“You see, my business dealings during my travels fell through, and not only did I lose everything I owned, but I also got myself deep into debt through all kinds of unfortunate circumstances that befell me on the way. To make things worse, throughout all that time I was in a state of fear: I seemed to imagine that my wife was desperately ill. When I arrived in Niezhin, I recalled my promise to you to pray at the resting place of the Tzadik. I went to the local mikvah to immerse myself in preparation for my visit to the Tzadik, and from there went to his Ohel. It was a bitter cold day. Though all the way there, my warm clothes had sufficed to keep out the bitter cold, as soon as I entered the resting place of the Tzadik, I was overcome by a terrible fear, the like of which I have never experienced in all my life. My hair stood on end, and despite my warm clothes I trembled in a feverish cold. It even occurred to me to flee from that awesome place, but then I thought: ‘No evil is going to befall me on account of the Tzadik who rests here. Why should I flee from the presence of the Tzadik?’ So, I began instead to read the quotations from the Zohar, and the chapters from Psalms, and other passages from Maavar Yabok, which are inscribed there on a tablet, on the wall of the enclosure which is built around the grave. As I read the heartfelt prayers, I wept rivers of tears. Then I wrote out two ‘soul redemption’ notes which expressed my special requests—one bearing a prayer for the welfare of my family and myself, and the other especially for my wife, for my heart was uneasy. The moment I put those two notes on the grave, I was overcome with a most exquisite joy – the like of which I had never known before. I felt totally at peace, so much so, that I did not want to leave from the presence of the Tzadik, at the holy Ohel. I literally felt there the flavor of the Garden of Eden! In this state I remained there for a full two hours of joyful bliss because it was very difficult for me to leave such a holy place. When I finally left it was with a heart of gladness and peace. That joy accompanied me all the way home. When I arrived, thank G-d in peace to my house, I immediately asked how my wife was doing. I was told the whole story of what my wife had been through, that the doctors had given up hope for her to live (G-d forbid); and the events of that long, long night when she had fainted and was unconscious, and that at ten in the morning, she suddenly began feeling better on her own without any medication nor intervention by the doctors; and slowly slowly, over a period of a month she became completely well. I asked my family if they knew on what date she started to feel better? They told me the date which they remembered well. Sure enough, it was the very day on which, at ten o’clock in the morning, I had placed the notes on the resting place of the Tzadik!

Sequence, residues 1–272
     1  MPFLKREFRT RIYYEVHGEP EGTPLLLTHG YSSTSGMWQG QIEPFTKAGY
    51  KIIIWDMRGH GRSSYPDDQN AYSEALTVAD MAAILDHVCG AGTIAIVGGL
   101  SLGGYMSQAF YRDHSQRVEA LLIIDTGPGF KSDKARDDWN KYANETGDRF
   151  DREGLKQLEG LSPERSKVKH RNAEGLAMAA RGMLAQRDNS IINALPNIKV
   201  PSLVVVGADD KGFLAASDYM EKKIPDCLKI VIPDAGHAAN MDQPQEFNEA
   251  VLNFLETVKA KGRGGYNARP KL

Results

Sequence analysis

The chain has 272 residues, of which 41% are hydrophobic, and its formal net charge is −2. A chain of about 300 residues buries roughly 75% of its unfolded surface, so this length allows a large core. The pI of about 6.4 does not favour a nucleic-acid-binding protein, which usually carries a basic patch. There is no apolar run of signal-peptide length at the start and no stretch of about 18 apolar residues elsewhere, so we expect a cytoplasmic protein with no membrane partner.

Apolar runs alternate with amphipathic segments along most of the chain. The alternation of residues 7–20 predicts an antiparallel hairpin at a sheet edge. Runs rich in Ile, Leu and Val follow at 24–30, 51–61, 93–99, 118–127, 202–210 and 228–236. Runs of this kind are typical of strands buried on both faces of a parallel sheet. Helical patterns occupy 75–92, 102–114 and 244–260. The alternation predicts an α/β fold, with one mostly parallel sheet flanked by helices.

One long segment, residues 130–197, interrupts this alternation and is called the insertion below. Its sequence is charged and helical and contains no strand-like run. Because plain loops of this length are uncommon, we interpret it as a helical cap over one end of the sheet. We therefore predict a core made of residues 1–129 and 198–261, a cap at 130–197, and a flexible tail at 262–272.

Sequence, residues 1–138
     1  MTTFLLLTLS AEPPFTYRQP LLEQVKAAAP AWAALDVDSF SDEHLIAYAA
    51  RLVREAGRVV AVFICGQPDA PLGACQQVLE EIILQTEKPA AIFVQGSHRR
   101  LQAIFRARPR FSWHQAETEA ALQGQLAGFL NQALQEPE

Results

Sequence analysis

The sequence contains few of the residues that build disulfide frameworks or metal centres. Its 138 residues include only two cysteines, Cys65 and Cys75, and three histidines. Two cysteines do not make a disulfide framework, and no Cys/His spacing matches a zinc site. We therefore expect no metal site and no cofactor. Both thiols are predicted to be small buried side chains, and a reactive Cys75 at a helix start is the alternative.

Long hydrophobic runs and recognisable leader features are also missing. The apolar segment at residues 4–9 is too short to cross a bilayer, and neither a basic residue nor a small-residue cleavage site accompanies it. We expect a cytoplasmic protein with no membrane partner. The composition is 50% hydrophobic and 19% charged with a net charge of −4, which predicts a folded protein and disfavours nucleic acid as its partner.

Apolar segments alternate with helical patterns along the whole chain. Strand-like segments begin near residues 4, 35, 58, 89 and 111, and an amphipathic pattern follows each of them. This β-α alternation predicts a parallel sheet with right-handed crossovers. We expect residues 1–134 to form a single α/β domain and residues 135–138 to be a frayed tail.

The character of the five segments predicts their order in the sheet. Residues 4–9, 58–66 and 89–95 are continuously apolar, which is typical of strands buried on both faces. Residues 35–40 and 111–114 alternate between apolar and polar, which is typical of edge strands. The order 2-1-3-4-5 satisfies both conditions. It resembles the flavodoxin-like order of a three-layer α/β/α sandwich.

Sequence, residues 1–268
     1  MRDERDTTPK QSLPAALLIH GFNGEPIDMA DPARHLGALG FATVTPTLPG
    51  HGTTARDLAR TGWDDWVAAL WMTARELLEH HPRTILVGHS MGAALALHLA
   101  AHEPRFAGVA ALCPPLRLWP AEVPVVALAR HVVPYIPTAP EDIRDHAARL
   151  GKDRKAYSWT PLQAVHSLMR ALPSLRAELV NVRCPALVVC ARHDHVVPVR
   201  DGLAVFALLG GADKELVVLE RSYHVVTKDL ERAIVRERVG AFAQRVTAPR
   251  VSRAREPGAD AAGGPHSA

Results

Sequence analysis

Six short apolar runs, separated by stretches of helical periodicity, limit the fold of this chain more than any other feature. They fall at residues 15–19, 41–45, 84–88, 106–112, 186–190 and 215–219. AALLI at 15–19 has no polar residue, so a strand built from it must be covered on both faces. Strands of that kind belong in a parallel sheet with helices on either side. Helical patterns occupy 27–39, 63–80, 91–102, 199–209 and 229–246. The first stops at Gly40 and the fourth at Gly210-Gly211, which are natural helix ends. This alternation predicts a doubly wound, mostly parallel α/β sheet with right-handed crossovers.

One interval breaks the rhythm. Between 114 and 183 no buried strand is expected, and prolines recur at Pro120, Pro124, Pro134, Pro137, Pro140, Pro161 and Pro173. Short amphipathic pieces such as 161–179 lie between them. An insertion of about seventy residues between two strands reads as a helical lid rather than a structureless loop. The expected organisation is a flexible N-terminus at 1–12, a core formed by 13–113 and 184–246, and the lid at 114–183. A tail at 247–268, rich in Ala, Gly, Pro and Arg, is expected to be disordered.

You cannot be surprised, therefore, that when I heard all of this, I did not even take off my overcoat, but ran as fast as I could to tell you, my friend, of the wondrous ways of G-d!”
When the young man completed his story, he added:
“If your holy Rebbes are so alive and luminous after they have departed from this world, then they must be even greater and even holier in their lifetime!”
To which Reb Yaakov answered him, “On the contrary, our Sages have taught us: ‘Tzaddikim are greater in their death even more so than in their lifetime.’” (Chulin 7/2)
From: Otzar Sippurei Chabad Volume 16 Pages 142-145 taken from Sippurim Noraim (Pgs 64-66)
With assistance from the English translation by Uri Kaploun – A Treasury of Chassidic Tales by Rabbi Shlomo Yosef Zevin.
Biographical note: Rabbi Dovber Schneuri was born on the 9th of Kislev 1773 and passed away on the very same day, 9th of Kislev 1827 at the age of 54. He was the eldest son and successor of Rabbi Schneur Zalman, founder of the Chabad Chassidic movement. He is known as the Mitteler Rebbe. Rabbi Dovber was an extraordinary Rebbe and teacher revealing many esoteric secrets of Chassidism. His ability to speak for hours on end on Chassidut is legendary. When he was ill and bedridden, he would arise with alacrity to share Chassidic teachings. The night of his passing, he continued to teach Torah till the last minute and at the word “Chayim – Life” his holy soul departed.
*Rabbi Yaakov Kadaner was a chassid of the first three Lubavitcher Rebbes, and a prominent Torah personality in his own right. He is the author of two books, Metzaref Hoavoda and Sipurim Noraim. Sipurim Noraim is an extraordinary collection of chassidic stories many of which he witnessed or took part in personally, such as the one above!